Originally Posted by Jopopsy
I love the idea of a hard wired EMS; but I can't get over the fact that its something else that could break and leave me w/o power. That's why I always leaned towards a portable unit. If it breaks or fries doing its job - I can just disconnect it and carry on. Oh, and Amazon next day ship the replacement !
Not trying to hijack the thread but it does go to the point Jopopsy makes about having a fried suppressor ruin an outing.
My PI EMS unit is hardwired, mostly
. I have a Seneca, so what I did may not be feasible in a smaller unit with less available working space. My transfer switch is located in an area under the wardrobe in the bedroom. There are two drawers there too, and when I take them out I have good access to that area. Lots of "extra" room to work with.
First a warning. Do not attempt this without being absolutely certain of your line voltage electrical skills. I would go so far as to recommend a qualified electrician be utilized. So endeth the lecture!
Bear with me now:
I took the shoreline cable out of the transfer switch and instead of wiring it directly into the EMS I installed a 4-wire 50-amp female range receptacle in a metal box on the end. Then I took a male range cord (larger gauge wire than even my shoreline) and wired the connection end into the EMS. The molded range plug plugs into the new shoreline receptacle. Out of my EMS I ran a length of the "excess" range cord wire to another identical 4-wire, 50-amp receptacle. Then I used another range cord and wired the connection end into the transfer switch. Both receptacle boxes are right next to each other.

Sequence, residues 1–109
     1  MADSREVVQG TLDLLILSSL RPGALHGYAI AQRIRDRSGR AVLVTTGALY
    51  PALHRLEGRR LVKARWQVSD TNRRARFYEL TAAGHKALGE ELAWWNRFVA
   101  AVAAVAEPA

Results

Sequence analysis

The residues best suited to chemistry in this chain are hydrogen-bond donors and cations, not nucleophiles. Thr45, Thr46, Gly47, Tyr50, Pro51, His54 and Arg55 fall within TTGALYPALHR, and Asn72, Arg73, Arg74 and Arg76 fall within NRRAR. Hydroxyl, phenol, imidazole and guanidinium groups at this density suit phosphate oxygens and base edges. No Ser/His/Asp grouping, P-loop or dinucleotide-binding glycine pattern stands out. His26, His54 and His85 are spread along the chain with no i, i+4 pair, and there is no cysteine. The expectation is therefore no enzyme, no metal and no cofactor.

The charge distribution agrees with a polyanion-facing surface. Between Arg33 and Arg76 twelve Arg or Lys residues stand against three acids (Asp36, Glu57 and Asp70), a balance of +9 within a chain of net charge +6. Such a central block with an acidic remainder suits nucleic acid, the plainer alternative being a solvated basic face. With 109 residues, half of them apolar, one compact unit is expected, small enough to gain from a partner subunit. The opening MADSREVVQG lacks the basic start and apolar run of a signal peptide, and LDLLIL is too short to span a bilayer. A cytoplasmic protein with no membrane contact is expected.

Under normal (protected) operation power comes in the shoreline to the female receptacle, goes into the male plug and through a short cord into the EMS, out of the EMS to another female receptacle, into another male plug and through a short cord and into the genny transfer switch. The way the plugs and receptacles are oriented the male plug terminals are never "hot" if unplugged. Only the receptacles are live when a plug is out. Having live male plugs could be deadly.
If the EMS ever fails, you unplug both male plugs and then take the one now coming into the transfer switch and plug it into the receptacle coming from the shoreline. Then you have restored the electrical system to the way Jayco gave it to us, save a receptacle and plug in between.
I sourced all my materials from my local Home Depot and had it done in a couple of hours. Working with the stiff, large gauge conductors was the worst part. While I have put extra connection points into my system, they are inside where weather won't be an issue. And they also will seldom, (hopefully never) be repeatedly removed and reinserted which might cause wear and increased resistance. I even metered the resistance between the shoreline plug (extended it into coach!) and the EMS input after going through one plug. No change in resistance at all. I could not check all legs all the way to the generator transfer switch because the EMS won't close (create a connection) without seeing voltage and the correct electrical conditions. But I am certain resistance-wise I am just as good as stock.
This won't work for everyone and does entail some expense, but it does give me peace of mind that if my EMS does fail (protecting me?) I can still use shore power until I get it fixed.